(mag 18.8) on unfiltered CCD images (limiting mag 19.4) taken with a 0.40-m
    reflector at Portal on Nov. 7.17 UT in the course of the Puckett Observatory
    Supernova Search. The new object was confirmed at mag 18.2 on images
    (limiting mag 19.8) taken by T. Orff on Nov. 9.16 with a 0.60-m reflector at
    Ellijay. SN 2008ha is located at R.A. = 23h34m52s.69, Decl. = +18o13’35”.4
    (equinox 2000.0), which is about 12″ west and 0″.5 south of the center of
    UGC 12682. Nothing is visible at this position on images taken by Puckett
    on Sept. 8 (limiting mag 19.4). The exact center of the apparent host
    galaxy was very hard to measure, so its coordinates were taken from the
    Sinbad website (position end figures 53s.55, 35″.9), though Puckett’s
    measurements on the brightest nodule yield position end figures 53s.31, 38″.0.
    NOTE: These ‘Central Bureau Electronic Telegrams’ are sometimes
    superseded by text appearing later in the printed IAU Circulars.
    (C) Copyright 2008 CBAT
    2008 November 10 (CBET 1567) Daniel W. E. Green
    While I applaud Caroline’s discovery and we highlighted it in our
    press release, she was not a coauthor on the Foley et al. paper because
    she did not contribute new data, analysis, interpretation, intellectual
    discussions, or written material to our collaborative research.
    We cited the discovery magnitude and used it as a data
    point in the light curve, but that was publicly available data and did
    not require any new effort by Caroline and her collaborators. If all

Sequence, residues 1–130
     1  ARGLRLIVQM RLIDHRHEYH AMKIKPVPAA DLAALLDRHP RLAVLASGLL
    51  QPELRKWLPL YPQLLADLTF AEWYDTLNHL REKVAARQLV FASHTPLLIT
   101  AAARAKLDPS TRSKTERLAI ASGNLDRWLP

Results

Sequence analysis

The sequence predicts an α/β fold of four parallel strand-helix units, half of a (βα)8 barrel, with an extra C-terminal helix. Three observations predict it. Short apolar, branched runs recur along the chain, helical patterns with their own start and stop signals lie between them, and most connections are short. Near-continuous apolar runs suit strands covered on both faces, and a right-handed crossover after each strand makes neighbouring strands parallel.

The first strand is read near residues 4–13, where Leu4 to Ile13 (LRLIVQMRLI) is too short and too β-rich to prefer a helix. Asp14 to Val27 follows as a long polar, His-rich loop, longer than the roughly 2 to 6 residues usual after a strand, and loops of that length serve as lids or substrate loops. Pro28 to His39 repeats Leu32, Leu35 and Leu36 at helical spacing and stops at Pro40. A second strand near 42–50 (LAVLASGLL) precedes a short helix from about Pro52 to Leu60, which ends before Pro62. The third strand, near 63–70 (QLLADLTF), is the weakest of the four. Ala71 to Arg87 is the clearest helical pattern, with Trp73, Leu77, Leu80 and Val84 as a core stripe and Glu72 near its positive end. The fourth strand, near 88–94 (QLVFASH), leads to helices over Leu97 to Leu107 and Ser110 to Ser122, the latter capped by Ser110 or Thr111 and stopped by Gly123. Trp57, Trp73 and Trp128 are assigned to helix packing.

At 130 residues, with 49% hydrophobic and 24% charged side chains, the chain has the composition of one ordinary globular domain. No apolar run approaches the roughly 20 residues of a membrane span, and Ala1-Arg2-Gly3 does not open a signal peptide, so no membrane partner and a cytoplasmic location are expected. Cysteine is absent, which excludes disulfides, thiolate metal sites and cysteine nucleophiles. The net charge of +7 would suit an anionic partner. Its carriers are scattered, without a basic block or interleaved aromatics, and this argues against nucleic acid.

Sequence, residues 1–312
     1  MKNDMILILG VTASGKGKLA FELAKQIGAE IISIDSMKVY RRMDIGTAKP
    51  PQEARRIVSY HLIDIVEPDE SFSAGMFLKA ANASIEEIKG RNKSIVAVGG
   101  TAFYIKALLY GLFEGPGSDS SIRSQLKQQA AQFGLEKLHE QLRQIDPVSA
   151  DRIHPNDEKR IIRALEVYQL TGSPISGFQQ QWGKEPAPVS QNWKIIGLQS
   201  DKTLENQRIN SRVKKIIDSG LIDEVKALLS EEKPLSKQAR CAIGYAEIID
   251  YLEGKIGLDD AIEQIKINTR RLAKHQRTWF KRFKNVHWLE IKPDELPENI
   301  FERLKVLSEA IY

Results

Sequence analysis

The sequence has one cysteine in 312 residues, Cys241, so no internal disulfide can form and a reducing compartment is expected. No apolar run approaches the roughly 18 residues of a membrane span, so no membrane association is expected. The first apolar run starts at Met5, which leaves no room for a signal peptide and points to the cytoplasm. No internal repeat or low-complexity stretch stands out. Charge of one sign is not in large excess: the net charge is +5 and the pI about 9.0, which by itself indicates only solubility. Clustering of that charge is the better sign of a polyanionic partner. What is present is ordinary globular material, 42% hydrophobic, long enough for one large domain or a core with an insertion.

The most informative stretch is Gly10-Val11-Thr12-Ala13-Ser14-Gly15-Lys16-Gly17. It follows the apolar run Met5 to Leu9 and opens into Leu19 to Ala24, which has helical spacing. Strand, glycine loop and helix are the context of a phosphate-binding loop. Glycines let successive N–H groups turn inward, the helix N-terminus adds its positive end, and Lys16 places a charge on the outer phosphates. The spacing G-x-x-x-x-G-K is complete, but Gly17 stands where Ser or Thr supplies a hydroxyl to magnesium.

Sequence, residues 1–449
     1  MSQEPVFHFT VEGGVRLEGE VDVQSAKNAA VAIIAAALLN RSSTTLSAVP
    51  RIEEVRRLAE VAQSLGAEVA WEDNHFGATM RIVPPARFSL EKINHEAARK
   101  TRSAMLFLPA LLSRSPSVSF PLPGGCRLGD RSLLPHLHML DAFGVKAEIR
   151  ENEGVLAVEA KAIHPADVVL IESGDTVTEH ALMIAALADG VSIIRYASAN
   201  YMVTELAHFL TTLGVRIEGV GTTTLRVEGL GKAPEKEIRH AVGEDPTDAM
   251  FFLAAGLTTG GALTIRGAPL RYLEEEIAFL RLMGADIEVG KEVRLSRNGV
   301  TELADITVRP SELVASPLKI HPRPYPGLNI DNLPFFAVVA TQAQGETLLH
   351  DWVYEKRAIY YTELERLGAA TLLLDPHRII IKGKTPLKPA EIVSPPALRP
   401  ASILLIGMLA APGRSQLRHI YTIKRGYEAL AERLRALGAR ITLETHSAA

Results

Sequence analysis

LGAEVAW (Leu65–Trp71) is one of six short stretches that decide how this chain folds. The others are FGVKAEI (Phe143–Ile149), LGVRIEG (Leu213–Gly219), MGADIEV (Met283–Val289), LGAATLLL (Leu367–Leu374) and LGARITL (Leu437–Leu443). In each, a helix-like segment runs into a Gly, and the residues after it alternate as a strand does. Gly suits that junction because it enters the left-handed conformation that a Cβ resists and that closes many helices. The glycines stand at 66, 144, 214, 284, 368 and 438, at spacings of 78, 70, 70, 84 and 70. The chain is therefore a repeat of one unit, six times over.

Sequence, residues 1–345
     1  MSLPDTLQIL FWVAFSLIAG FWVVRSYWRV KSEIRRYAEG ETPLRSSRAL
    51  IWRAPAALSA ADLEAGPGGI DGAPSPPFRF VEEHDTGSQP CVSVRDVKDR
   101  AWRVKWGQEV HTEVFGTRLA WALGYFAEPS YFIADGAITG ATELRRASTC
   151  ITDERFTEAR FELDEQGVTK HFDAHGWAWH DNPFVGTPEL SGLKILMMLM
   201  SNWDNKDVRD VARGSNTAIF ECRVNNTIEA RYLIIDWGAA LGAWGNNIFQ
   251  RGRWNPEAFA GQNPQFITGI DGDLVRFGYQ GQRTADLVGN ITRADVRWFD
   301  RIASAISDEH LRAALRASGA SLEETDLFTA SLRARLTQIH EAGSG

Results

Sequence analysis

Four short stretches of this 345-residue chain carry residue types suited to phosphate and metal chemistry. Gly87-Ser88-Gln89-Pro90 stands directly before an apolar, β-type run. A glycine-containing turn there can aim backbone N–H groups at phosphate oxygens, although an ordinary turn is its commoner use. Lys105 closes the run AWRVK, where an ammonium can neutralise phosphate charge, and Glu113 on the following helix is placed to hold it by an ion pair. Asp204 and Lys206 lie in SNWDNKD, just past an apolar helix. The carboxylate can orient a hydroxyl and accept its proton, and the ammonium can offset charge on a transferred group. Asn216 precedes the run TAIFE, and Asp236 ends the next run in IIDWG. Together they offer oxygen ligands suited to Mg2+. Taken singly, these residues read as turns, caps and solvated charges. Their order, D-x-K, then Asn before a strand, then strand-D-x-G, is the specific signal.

people whose publicly available data or interpretations were included
    as coauthors, one could make a good case for many or most of the
    large number (>100) of astronomers whose papers we referenced! Ditto if we were
    to acknowledge her; acknowledgments are used to thank people who made specific
    contributions at the request of the authors, but not substantial enough to
    deserve coauthorship.
    By the way, Caroline made the discovery by looking at images obtained by
    J. Newton’s telescope in Arizona as part of a large
    supernova search team organized by Tim Puckett in Georgia.
    I say this not to diminish Caroline’s discovery, but simply to correct
    the misstatement that she was “in her back yard with a telescope” when she made
    the discovery.
    Alex Filippenko (another coauthor of the Foley et al. paper; in his
    comment, Mr. Austin didn’t mention coauthor Robert Kirshner or me).
    Professor of Astronomy
    University of California, Berkeley

  2. Harry says:

    OK I assume , she(moore) didn’t contribute in your discovery of supernova. She did the discovery of supernova and that also in her backyard by looking J. Newton’s telescope .
    My question is WHY YOU(Alex) DIDN’T NOTICED IT?? and why Caroline ONLY? Do you think any difference between these two sentences?/ She made extremly important observations. In other words, I can say it is her discovery, you just extended her discovery by providing supporting data analysis.

  3. Fred Sanford says:

    I would have been nice for Alex to mention the team that allowed Caroline to make her co-discovery in the first place. It’s to bad the article was sent out to every news outlet possible without mentioning the team that made it possible. How about the people that spent tens of thousands of dollars on the equipment that made her co- discovery possible. The fact is that these people work as a team.
    This article was conveyed in that manner was merely political, and an attempt to be overly politically correct by a group of jet set professional astronomers.